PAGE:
In a telecommunications network, a switch is a device that channels incoming data from any of multiple input ports to the specific output port that will take the data toward its intended destination. In the traditional circuit-switched telephone network, one or more switches are used to set up a dedicated though temporary connection or circuit for an exchange between two or more parties. On an Ethernet local area network (LAN), a switch determines from the physical device (Media Access Control or MAC) address in each incoming message frame which output port to forward it to and out of. In a wide area packet-switched network such as the Internet, a switch determines from the IP address in each packet which output port to use for the next part of its trip to the intended destination.
In the Open Systems Interconnection (OSI) communications model, a switch performs the Layer 2 or Data-link layer function. That is, it simply looks at each packet or data unit and determines from a physical address (the "MAC address") which device a data unit is intended for and switches it out toward that device. However, in wide area networks such as the Internet, the destination address requires a look-up in a routing table by a device known as a router. Some newer switches also perform routing functions (Layer 3 or the Network layer functions in OSI) and are sometimes called IP switches.
On larger networks, the trip from one switch point to another in the network is called a hop. The time a switch takes to figure out where to forward a data unit is called its latency. The price paid for having the flexibility that switches provide in a network is this latency. Switches are found at the backbone and gateway levels of a network where one network connects with another and at the subnetwork level where data is being forwarded close to its destination or origin. The former are often known as core switches and the latter as desktop switches.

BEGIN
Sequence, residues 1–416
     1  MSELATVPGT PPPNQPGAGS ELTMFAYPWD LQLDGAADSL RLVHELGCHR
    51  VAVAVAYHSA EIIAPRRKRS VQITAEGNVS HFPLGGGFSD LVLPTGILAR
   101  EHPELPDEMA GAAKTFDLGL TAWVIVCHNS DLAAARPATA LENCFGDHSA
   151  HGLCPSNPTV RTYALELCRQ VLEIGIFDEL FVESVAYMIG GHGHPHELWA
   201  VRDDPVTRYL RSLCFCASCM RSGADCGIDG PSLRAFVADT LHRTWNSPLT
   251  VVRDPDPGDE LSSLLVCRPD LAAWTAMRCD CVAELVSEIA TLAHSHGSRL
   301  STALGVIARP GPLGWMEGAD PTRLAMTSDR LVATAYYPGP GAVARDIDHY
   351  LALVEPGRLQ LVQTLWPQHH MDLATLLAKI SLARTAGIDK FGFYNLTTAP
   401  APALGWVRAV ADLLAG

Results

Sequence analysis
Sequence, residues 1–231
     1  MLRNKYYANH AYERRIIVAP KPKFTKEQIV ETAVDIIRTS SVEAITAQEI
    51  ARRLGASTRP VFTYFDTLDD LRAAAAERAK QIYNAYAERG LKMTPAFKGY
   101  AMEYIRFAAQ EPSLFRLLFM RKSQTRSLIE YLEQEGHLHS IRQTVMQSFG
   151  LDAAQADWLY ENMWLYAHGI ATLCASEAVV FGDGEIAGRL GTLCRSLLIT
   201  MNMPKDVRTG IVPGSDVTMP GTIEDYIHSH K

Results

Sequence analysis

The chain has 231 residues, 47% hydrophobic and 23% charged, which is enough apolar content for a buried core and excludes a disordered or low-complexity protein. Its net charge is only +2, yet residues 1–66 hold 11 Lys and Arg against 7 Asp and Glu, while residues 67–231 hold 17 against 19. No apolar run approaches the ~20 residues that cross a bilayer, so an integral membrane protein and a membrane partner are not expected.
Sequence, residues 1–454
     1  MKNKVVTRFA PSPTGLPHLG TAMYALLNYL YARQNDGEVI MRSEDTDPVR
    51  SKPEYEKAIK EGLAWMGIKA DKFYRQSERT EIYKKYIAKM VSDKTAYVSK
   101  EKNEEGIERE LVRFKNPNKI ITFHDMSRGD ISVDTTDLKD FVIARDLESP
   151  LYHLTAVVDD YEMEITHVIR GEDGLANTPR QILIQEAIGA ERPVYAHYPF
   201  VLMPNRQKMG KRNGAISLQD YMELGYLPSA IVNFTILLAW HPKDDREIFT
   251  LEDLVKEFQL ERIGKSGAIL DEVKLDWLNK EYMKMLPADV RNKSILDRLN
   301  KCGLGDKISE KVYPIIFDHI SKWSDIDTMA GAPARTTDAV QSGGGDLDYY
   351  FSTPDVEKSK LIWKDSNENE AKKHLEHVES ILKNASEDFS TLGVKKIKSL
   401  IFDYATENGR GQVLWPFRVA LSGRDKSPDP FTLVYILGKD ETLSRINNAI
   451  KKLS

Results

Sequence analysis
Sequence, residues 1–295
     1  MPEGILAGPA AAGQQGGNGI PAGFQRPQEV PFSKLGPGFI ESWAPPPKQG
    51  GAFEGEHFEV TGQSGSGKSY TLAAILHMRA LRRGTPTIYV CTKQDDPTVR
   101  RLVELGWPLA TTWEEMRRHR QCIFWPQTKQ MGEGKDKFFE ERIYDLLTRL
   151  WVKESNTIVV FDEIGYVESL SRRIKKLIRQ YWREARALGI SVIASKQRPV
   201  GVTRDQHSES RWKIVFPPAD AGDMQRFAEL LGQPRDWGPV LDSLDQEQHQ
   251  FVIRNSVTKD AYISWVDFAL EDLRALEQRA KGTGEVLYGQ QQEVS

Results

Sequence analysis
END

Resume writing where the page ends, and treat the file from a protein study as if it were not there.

In the simplest networks, a switch is not required for messages that are sent and received within the network. For example, a local area network may be organized in a token ring or bus arrangement in which each possible destination inspects each message and reads any message with its address.
Circuit-Switching version Packet-Switching
A network's paths can be used exclusively for a certain duration by two or more parties and then switched for use to another set of parties. This type of "switching" is known as circuit-switching and is really a dedicated and continuously connected path for its duration. Today, an ordinary voice phone call generally uses circuit-switching.
Most data today is sent, using digital signals, over networks that use packet-switching. Using packet-switching, all network users can share the same paths at the same time and the particular route a data unit travels can be varied as conditions change. In packet-switching, a message is divided into packets, which are units of a certain number of bytes. The network addresses of the sender and of the destination are added to the packet. Each network point looks at the packet to see where to send it next. Packets in the same message may travel different routes and may not arrive in the same order that they were sent. At the destination, the packets in a message are collected and reassembled into the original message.
|Getting started with switches|
|To learn more about switches, here are additional resources|
|Advanced routing and switching considerations: Routing and switching, the core functions of any network, are becoming more intelligent, with even low-end products now including features once only available to enterprise data centers. Learn the routing and switching considerations that every solution provider should know before offering their services.|
|Application switch testing: An easy RFP guide: Application switches do a lot more load balancing these days. So network professionals doing application switch testing must consider everything from DPI to basic transport, according to a new Tolly Group RFP guide.|
|Testing LAN switch interoperability: A series of best practices: Ensuring LAN switch interoperability is crucial when extending existing LANs or building new ones. The Tolly Group compiled a list of functions that must be tested to ensure true interoperability.|
|Learn more about Telecom Routing and Switching|
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|Evolved Packet Core primer: Learn about the Evolved Packet Core for LTE and how it converges voice and data for 4G wireless networks.|
|Advanced BGP network design for stability and security: Working with Border Gateway Protocol (BGP) in an IP network can challenge even the best network engineers. Yet mastering it will yield a more stable and secure network.|
|BGP essentials: The protocol that makes the Internet work: Border Gateway Protocol (BGP) is the routing protocol that literally makes the Internet work, yet its complexity makes it essential to know how to troubleshoot problems quickly.|
|Route maps and routing policy: Route maps and how to configure them for routing policies is explained. This chapter also discusses redistribution, quality of service, and route tagging|